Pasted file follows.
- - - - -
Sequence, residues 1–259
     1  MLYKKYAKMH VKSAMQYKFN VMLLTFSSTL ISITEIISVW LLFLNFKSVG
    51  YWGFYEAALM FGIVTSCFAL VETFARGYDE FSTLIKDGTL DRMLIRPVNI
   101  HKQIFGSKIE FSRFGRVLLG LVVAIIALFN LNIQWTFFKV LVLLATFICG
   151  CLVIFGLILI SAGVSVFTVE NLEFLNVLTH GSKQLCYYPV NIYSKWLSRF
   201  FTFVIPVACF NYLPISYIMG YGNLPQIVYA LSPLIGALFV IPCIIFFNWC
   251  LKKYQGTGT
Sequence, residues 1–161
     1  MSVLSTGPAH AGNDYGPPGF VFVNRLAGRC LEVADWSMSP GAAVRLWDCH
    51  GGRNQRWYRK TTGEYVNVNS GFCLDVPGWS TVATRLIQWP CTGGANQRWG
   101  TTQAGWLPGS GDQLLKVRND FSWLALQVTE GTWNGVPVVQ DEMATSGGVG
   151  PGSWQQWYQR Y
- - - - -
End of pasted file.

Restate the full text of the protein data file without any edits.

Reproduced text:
Sequence, residues 1–259
     1  MLYKKYAKMH VKSAMQYKFN VMLLTFSSTL ISITEIISVW LLFLNFKSVG
    51  YWGFYEAALM FGIVTSCFAL VETFARGYDE FSTLIKDGTL DRMLIRPVNI
   101  HKQIFGSKIE FSRFGRVLLG LVVAIIALFN LNIQWTFFKV LVLLATFICG
   151  CLVIFGLILI SAGVSVFTVE NLEFLNVLTH GSKQLCYYPV NIYSKWLSRF
   201  FTFVIPVACF NYLPISYIMG YGNLPQIVYA LSPLIGALFV IPCIIFFNWC
   251  LKKYQGTGT
Sequence, residues 1–161
     1  MSVLSTGPAH AGNDYGPPGF VFVNRLAGRC LEVADWSMSP GAAVRLWDCH
    51  GGRNQRWYRK TTGEYVNVNS GFCLDVPGWS TVATRLIQWP CTGGANQRWG
   101  TTQAGWLPGS GDQLLKVRND FSWLALQVTE GTWNGVPVVQ DEMATSGGVG
   151  PGSWQQWYQR Y